2.4.6 Headings and Labels: Headings and labels describe topic or purpose. This is about how effective the use of language is to describe the relevant topic or purpose in headings and labels. This will help people quickly identify and understand the various topics and controls available to them. Short, simple, concise and relevant are what will be most effective.
2.4.7 Focus Visible: Any keyboard operable user interface has a mode of operation where the keyboard focus indicator is visible. This is about showing people where they currently are on a page when using a keyboard or other similar control device. Unlike using a mouse, where you have a pointer to show you, without this pointer, you need other visual indication such as highlighted outlines, change of colour or similar clearly marked visible indicator.
3.1.2 Language of Parts: The human language of each passage or phrase in the content can be programmatically determined except for proper names, technical terms, words of indeterminate language, and words or phrases that have become part of the vernacular of the immediately surrounding text. This is referring to any content that is in any other language other than the default language set for the page. So if the default language is in English but there is a short passage wrote in French, this will need to use mark-up that specifies that it’s in French. The purpose is to help assistive technology such as screen readers, Braille displays and others know the change of language from the default set at the beginning.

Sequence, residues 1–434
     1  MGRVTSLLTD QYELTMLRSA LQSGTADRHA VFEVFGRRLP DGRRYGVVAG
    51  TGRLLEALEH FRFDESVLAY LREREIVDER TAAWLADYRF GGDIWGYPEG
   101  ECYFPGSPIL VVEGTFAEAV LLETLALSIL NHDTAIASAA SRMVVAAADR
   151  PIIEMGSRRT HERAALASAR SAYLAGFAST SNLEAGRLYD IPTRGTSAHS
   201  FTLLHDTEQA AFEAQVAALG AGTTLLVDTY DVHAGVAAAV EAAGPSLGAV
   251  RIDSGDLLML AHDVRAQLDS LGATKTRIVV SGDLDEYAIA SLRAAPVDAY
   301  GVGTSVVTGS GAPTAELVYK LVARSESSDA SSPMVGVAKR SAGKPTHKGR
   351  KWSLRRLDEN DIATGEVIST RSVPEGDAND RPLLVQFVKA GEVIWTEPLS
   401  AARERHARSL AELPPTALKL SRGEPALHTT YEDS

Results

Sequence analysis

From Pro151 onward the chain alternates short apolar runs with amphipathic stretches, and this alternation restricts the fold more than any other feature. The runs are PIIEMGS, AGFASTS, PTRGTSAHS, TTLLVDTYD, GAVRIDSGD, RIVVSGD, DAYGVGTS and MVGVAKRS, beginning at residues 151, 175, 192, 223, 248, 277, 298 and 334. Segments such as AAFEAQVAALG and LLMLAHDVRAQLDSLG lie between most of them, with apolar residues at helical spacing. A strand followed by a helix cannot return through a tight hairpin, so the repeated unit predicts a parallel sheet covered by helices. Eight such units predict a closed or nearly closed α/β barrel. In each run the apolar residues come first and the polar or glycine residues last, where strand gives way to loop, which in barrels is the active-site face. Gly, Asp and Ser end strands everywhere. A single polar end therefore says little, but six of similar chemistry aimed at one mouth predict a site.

3.2.3 Consistent Navigation: Navigational mechanisms that are repeated on multiple Web pages within a set of Web pages occur in the same relative order each time they are repeated, unless a change is initiated by the user. Consistency will help people become familiar more quickly and can greatly enhance the experience for people using assistive technology.
3.2.4 Consistent Identification: Components that have the same functionality within a set of Web pages are identified consistently. If not consistent in the naming of Components across web pages, it can give confusing or conflicting information. Leading to people being frustrated, confused or simply lost.
3.3.3 Error Suggestion: If an input error is automatically detected and suggestions for correction are known, then the suggestions are provided to the user, unless it would jeopardize the security or purpose of the content. This is about helping people understand where and what mistakes they may of made. By offering support in this way, it can help people complete tasks without the need for alternative communication. It is best if the error messages are provided in text with clear indication to where the mistake was made.
3.3.4 Error Prevention (Legal, Financial, Data): For Web pages that cause legal commitments or financial transactions for the user to occur, that modify or delete user-controllable data in data storage systems, or that submit user test responses, at least one of the following is true:
- Submissions are reversible, meaning people can request to undo the change.
- Data entered by the user is checked for input errors and the user is provided an opportunity to correct them. This will give people the chance to see any mistakes and allow them to correct them before making any commitment.
- A mechanism is available for reviewing, confirming, and correcting information before finalizing the submission. This is giving people the chance to look over their information and choices before making a commitment and allowing them to make any changes required.
There are no level AA or AAA guidelines in the last principle, only 2 level A guidelines.